It’s been roughly a year since Google’s Chromebooks (then known as the CR-48) first surfaced. Google’s “nothing but the Web” netbooks have laid fairly low, making a big initial splash and then playing second fiddle to a variety of other Google releases this year (the Google Wallet and Google+ specifically coming to mind).
Those who are fans of the Chromebooks loyally defend their user-friendliness and accessibility. But there are plenty of skeptics who remain. So in review of the past year, how far have they come and where are they going?
When Google officially announced the Chromebook this summer, we got a peak at the new hardware. The original beta product was little more than a black box with what were then unknown capabilities. But at the Google Chrome event last year, we finally saw the real deal: two sleek netbooks from Acer and Samsung.
In addition to showing off the new devices, Google said other manufacturers would follow, giving users more selection and variety. A year later, Acer and Samsung remain the only Chromebook-makers.
It’s not exactly encouraging that no other brand names have jumped on board with Chromebooks. Whatever progress they have made, it’s obviously not enough to lure in any new partners. Progress in this area: nil.
Chrome OS depends on apps
Winning the corporate world over with enterprise apps has been a struggle for Google. The company’s Rajen Sheth recently spoke at GigaOm’s Network 2011 summit about this experience, saying “some businesses literally threw me out of the meeting five minutes in when they realized I asked them to move their emails outside of their firewall.” But now Google Apps have four million business customers and are looking more and more like a legitimate business solution.
And this could translate into a couple of things for Chromebooks. One, Google could look at its experience with Google Apps as a mold of what will happen for its smartbooks. Chromebooks are introducing a new type of operating system, a new payment plan, and are altogether very different from how people are used to owning and using laptops, but like how the corporate world had to grow into Google Apps.
Secondly, the success of Chromebooks is very much dependent on Google’s continued development of Google Apps and its Chrome Web Store. The Chromebook might bill itself as a laptop, but it’s really no such thing. Instead, the Internet disguises itself in physical form and users are left without a toolbar, desktop, or software. You’re entirely at the mercy of the Chrome Web Store, which was off to a slow start last year.
On the plus side however, it’s gotten a recent makeover and passed 30 million aggregate users. What’s probably the best news for all things Chrome is that it’s swiftly moving up the browser market share ranks. It recently surpassed Firefox for the number two spot. And really, in order for Chromebooks to succeed, the Chrome Store has to succeed. In order for the Chrome Store to succeed, Chrome has to succeed. It’s a vicious cycle and one that makes Google’s Internet products very dependent on each other, for better or worse.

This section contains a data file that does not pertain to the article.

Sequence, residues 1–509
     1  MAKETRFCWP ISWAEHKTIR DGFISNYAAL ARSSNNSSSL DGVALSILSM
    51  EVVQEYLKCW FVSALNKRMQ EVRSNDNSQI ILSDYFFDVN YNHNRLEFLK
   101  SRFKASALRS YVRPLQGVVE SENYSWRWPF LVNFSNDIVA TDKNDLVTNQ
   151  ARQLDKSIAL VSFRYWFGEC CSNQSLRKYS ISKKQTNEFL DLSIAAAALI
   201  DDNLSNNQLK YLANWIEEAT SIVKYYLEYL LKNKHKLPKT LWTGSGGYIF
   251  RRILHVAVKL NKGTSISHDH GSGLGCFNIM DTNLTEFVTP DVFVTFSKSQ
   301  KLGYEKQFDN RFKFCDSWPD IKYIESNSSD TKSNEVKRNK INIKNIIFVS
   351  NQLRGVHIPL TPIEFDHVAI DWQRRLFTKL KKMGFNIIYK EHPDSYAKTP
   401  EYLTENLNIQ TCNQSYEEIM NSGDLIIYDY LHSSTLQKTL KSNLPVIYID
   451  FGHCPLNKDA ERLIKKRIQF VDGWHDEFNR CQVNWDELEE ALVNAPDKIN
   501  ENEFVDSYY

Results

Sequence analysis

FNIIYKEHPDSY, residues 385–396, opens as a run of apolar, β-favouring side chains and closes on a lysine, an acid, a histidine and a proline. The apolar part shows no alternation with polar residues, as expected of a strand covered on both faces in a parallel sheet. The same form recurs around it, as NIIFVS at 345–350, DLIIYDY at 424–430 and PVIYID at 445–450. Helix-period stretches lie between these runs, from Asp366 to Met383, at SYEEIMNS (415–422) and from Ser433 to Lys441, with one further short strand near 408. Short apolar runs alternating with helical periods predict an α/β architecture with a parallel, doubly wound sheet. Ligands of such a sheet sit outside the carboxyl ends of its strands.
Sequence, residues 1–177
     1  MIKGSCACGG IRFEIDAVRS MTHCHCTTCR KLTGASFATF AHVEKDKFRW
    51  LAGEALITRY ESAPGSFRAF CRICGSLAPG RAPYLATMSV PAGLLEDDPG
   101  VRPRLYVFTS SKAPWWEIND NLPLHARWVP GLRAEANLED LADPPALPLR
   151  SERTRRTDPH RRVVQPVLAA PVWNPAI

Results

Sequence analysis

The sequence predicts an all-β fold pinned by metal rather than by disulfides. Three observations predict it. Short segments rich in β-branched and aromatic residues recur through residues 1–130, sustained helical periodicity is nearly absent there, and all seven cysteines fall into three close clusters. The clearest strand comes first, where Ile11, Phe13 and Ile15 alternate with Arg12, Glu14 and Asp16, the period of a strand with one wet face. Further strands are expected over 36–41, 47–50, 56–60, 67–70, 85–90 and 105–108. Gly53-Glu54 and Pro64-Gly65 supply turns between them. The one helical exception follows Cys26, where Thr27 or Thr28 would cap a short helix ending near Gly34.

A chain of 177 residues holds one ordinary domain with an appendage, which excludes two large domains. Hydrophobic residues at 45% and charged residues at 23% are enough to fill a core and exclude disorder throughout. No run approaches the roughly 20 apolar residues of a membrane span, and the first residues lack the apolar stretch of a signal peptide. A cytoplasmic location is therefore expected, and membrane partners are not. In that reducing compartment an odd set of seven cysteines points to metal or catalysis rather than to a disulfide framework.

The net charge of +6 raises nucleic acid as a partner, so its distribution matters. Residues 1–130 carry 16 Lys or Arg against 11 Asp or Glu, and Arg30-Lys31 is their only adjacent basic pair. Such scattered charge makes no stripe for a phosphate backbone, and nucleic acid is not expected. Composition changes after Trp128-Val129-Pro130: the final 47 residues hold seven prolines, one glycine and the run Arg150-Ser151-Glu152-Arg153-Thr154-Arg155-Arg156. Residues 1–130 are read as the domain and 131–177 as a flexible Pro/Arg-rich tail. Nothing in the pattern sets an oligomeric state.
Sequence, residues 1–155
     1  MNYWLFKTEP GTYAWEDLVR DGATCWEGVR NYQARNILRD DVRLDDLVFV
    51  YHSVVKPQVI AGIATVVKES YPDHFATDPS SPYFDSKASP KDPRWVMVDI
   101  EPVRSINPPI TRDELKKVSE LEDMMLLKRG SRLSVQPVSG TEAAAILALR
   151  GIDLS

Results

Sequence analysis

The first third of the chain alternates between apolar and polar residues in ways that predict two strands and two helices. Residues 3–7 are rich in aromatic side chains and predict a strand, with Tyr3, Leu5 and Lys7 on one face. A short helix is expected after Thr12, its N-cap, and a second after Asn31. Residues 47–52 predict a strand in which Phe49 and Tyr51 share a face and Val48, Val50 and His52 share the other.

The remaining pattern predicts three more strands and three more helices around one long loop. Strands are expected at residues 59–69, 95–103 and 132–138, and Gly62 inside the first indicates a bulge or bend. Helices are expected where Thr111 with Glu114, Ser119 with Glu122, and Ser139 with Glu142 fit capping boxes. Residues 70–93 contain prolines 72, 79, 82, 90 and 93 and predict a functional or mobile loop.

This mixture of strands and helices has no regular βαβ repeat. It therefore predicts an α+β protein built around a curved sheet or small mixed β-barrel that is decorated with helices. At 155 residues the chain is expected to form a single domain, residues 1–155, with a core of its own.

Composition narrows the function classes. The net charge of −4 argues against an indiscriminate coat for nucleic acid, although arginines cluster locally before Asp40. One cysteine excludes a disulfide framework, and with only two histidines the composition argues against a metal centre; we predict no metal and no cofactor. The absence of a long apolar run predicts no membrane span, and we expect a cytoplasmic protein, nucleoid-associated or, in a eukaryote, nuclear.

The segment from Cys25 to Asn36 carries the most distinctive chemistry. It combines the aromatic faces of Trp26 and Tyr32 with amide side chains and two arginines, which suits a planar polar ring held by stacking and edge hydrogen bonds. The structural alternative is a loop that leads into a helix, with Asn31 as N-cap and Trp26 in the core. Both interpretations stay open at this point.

Many of the original complaints users and reviewers had with the Chromebook related to reliability. Offline support was iffy, and with such a device it means the thing is rendered useless. But an update from a few months back has apparently addressed this. OS updates in general have been incredibly user-friendly, being pushed out regularly
Clearly, addressing glitches and keeping with the Chromebook status quo won’t be enough to keep these things going. Google’s going to have to issue bigger improvements. Our guess (or hope, rather), is that the next iteration of the Chromebook will feature more powerful ARM chipsets for overall more efficient use as well as improved battery life.
And as far as looks go, Google wouldn’t be mistaken to take the Ultrabook route and design a sleeker, thinner, more professional-looking model. Compared to the aluminum, streamlined notebooks that are taking the consumer market by storm, the plastic-coated, shiny Chromebooks look like toys.
The biggest hurdle Google will have to address is fragmentation. Android and its tablet-smartphone division has been something of a sore spot for Google, and add the Chrome OS to this inventory of operating systems and it can easily look like a tangled mess.
Because Chrome isn’t your traditional laptop operating system and depends on the Internet, it can find itself looped into the mobile OS bracket. Google needs to find a way to redefine this so that isn’t the case, because Android loyalists will argue Google’s Android tablet/smartphone experience is superior and Chrome OS users might feel like they’re missing out (the Android marketplace easily trumps the Chrome Web Store). The creator of Gmail himself expressed his doubts about this decision.
But certainly Google has been ahead of the curve when it comes to cloud computing before, and this might be the case with Chromebooks. Fingers crossed, it is, but we’re still hoping for some key upgrades in the coming year.
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